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The Roza Hassad greenhouses near Doha, Qatar
The Roza Hassad greenhouses near Doha, Qatar
Laurence Caramel

DOHA – Jean-Pierre Moreau is growing flowers in the desert.

Just 30 kilometers west of the Qatari capital of Doha, roses, gladiolus, chrysanthemum are blooming. At the request of Hamid Khalifa al-Thani, the Emir of Qatar, the Frenchman produces four million flowers a year, with the help of 60 employees mostly from Nepal and India.

Inside the greenhouses of Roza Hassad, which span over 55,000 square meters, it’s a far cry from the hot and rocky scenery outside. A very precise computer-managed regulation system adjusts the humidity and lighting levels every 30 seconds in each of the 16 greenhouses, recreating a tropical climate or the colder temperatures of the Netherlands, depending on the flowers.

The seeds are planted in bedrock made of coconut residue or volcanic rock and receive water drawn 100 meters deep, desalted, then charged with nutritious elements needed for their growth. Roza Hassad is a public company founded to cut down on the emirate’s flower imports.

This comes at a price – but Moreau would rather not talk about numbers. In a country where no project seems too crazy, money is not an issue and flowers are just “a first step.” “With money and the right technologies, we could grow tomatoes, peppers and all sorts of vegetables,” says Moreau who has already grown salads in the most extreme climates.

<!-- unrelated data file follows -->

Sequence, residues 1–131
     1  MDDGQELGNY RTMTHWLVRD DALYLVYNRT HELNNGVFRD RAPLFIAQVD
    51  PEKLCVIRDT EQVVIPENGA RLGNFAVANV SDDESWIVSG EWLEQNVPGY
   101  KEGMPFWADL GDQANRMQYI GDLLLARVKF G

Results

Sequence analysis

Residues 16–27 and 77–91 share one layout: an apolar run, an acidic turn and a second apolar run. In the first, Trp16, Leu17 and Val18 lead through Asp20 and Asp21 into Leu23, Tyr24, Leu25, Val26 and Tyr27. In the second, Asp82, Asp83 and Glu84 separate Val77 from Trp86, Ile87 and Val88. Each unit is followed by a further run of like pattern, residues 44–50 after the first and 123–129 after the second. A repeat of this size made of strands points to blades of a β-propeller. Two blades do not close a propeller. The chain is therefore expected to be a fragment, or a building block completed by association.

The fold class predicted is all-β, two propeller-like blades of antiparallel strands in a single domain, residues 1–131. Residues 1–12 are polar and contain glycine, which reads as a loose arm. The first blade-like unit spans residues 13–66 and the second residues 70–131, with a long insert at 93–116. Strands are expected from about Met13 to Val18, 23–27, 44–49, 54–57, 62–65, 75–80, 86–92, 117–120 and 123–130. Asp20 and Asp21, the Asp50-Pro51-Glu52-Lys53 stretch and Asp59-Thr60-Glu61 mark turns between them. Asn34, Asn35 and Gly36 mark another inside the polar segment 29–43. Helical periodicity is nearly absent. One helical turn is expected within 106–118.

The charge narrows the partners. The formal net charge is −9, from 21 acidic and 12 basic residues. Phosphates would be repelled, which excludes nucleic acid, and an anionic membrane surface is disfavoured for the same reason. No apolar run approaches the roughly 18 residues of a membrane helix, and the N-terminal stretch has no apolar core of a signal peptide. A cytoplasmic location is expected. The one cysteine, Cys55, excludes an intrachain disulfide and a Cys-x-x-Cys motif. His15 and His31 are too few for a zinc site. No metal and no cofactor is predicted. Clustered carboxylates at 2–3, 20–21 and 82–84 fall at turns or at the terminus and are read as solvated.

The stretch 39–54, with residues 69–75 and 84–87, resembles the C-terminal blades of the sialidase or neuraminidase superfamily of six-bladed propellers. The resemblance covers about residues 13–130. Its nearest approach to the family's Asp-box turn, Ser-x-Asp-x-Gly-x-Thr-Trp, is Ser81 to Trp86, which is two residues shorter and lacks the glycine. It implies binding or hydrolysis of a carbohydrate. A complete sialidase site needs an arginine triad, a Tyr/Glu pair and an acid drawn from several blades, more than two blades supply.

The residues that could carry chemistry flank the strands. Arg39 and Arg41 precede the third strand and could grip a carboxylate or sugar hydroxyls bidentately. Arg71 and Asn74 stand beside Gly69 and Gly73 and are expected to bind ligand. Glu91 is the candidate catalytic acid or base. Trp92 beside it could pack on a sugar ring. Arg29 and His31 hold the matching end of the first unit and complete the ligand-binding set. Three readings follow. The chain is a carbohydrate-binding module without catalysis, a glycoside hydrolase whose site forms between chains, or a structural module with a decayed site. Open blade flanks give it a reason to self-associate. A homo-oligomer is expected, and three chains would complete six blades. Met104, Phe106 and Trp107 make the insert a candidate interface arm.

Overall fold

Food security is at the center of the Qatari government’s strategy presented in its “Vision 2030” plan. More than 90% of products eaten by the country’s two million residents (of which only 300,000 are Qataris) depend on imports.

In Doha’s main wholesale market, trucks unload Saudi eggplants, Lebanese or Chinese apples, Dutch tomatoes, Filipino bananas and Egyptian strawberries… And the same goes for meat and grains.

Securing food supplies

“We cannot imagine our development without securing our food resources. We support international trade but we also believe in climate change and its consequences on agriculture," says Fahad Ben Mohammed al-Attiya, president of the Qatar National Food Security Program (QNFSP). "Some countries might have to reduce their exports in the future and we cannot remain so dependent.”

The program was launched in 2008 and was created with the help of numerous international experts. It should be finalized in the coming months and fully operational in 2014. “We didn’t invest for 20 years. Our agriculture uses old methods. Productivity is weak. A big part of our harvest is lost in stock. We need to bring skills, training and technology. Many believe it’s unrealistic – I think it will be revolutionary,” he says. He thinks it’s possible to cover 60% of food supplies.

Water scarcity is another issue that needs to be resolved. This is why Qatar is building new desalination factories that will run on solar energy. “700,000 cubic meters of water are used every day by the 1,400 farms in the country, but that water, drawn underground is increasingly brackish. Our programs aims to produce five times more,” says Patrick Linke, the technical director of the QNSFP. But can the sun really be profitable when fuel in this country only cost 20 cents per liter? Authorities have remained vague about the cost and the funding of the new project.